A decision by a U.S. government agency prohibiting the transmission of 3D dental records into the U.S. could open the door to further content restrictions on the Internet, digital rights groups have said.
The heart of the question is whether the U.S. International Trade Commission can block digital goods, in additional to physical ones, from being imported to the U.S. The Motion Picture Association of America has watched the agency's decision closely, with an eye on using the USITC to block websites.
The USITC's decision concerns a patent dispute between two companies that make clear dental braces, but it could have larger consequences and is the wrong way to deal with infringement complaints, the rights groups said Friday in a letter to the agency.
The order, from 2014, requires the Pakistani operations of a U.S. dental company, ClearCorrect, to stop uploading 3D maps of patients' teeth to ClearCorrect's U.S. servers. The USITC based its order on a finding of patent infringement, but the decision has "enormous ramifications, opening the door to Internet content blocking efforts rejected by Congress and the public," said the letter, from 16 digital rights groups and 12 law professors.
The USITC ruling may give the MPAA and other copyright owners a new tool to block Internet content, critics said, even though the MPAA failed in 2012 to get Congress to pass the controversial Stop Online Piracy Act [SOPA]. SOPA would have required Internet service providers to filter out the domain names of websites accused of copyright infringement, and required search engines to block those sites.
The USITC has the authority to investigate patent and copyright complaints filed by U.S. companies and block the import of infringing goods. The agency's ruling against ClearCorrect followed a complaint of patent infringement from competitor Align Technology.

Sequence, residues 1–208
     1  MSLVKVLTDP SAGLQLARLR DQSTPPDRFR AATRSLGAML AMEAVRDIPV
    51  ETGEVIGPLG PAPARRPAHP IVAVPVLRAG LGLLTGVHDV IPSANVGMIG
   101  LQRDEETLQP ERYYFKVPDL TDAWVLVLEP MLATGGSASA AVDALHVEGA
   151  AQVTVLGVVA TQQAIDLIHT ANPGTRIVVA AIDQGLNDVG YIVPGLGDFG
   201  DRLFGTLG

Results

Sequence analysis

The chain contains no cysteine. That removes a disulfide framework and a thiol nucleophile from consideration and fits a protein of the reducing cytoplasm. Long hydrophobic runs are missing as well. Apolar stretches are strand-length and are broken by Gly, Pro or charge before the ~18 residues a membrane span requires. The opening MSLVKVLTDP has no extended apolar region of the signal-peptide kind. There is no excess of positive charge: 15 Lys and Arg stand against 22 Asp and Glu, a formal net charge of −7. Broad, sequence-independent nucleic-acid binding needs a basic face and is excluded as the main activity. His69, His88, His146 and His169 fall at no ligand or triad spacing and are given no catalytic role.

The agency's past patent cases have largely focused on physical goods, not digital information, and the ClearCorrect case hinges on whether the "articles" the USITC can block from import under U.S. law includes digital goods.
Driving the concern from the digital rights groups signing onto Friday's letter -- including Public Knowledge, the American Civil Liberties Union and the Electronic Frontier Foundation -- is a push by the MPAA to use the ClearCorrect case as precedence for getting the USITC to block digital transmission of movies it believes infringe copyright.
In December, news organizations published a leaked MPAA memo suggesting the trade group could use the USITC to force ISPs to block subscriber access to movie piracy websites.
The USITC has the authority "to order network access ISPs to cease and desist from providing their subscribers with access to pirate sites" if the agency finds that the ISPs are violating copyright law by distributing infringing works, said the memo, written by MPAA lawyers last April.
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